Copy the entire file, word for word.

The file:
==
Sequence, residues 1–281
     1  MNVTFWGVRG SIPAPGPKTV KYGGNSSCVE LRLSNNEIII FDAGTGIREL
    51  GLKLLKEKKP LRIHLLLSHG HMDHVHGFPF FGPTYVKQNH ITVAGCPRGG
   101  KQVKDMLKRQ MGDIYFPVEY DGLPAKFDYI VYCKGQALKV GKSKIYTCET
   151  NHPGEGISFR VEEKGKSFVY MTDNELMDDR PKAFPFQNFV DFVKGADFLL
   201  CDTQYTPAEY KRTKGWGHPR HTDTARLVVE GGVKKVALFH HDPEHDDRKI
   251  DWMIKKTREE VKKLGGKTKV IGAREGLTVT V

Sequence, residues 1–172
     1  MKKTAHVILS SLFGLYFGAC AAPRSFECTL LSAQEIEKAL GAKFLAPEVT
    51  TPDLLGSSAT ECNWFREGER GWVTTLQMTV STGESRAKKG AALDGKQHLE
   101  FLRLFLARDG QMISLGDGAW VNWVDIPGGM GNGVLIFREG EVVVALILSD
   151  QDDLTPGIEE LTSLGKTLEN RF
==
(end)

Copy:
Sequence, residues 1–281
     1  MNVTFWGVRG SIPAPGPKTV KYGGNSSCVE LRLSNNEIII FDAGTGIREL
    51  GLKLLKEKKP LRIHLLLSHG HMDHVHGFPF FGPTYVKQNH ITVAGCPRGG
   101  KQVKDMLKRQ MGDIYFPVEY DGLPAKFDYI VYCKGQALKV GKSKIYTCET
   151  NHPGEGISFR VEEKGKSFVY MTDNELMDDR PKAFPFQNFV DFVKGADFLL
   201  CDTQYTPAEY KRTKGWGHPR HTDTARLVVE GGVKKVALFH HDPEHDDRKI
   251  DWMIKKTREE VKKLGGKTKV IGAREGLTVT V

Sequence, residues 1–172
     1  MKKTAHVILS SLFGLYFGAC AAPRSFECTL LSAQEIEKAL GAKFLAPEVT
    51  TPDLLGSSAT ECNWFREGER GWVTTLQMTV STGESRAKKG AALDGKQHLE
   101  FLRLFLARDG QMISLGDGAW VNWVDIPGGM GNGVLIFREG EVVVALILSD
   151  QDDLTPGIEE LTSLGKTLEN RF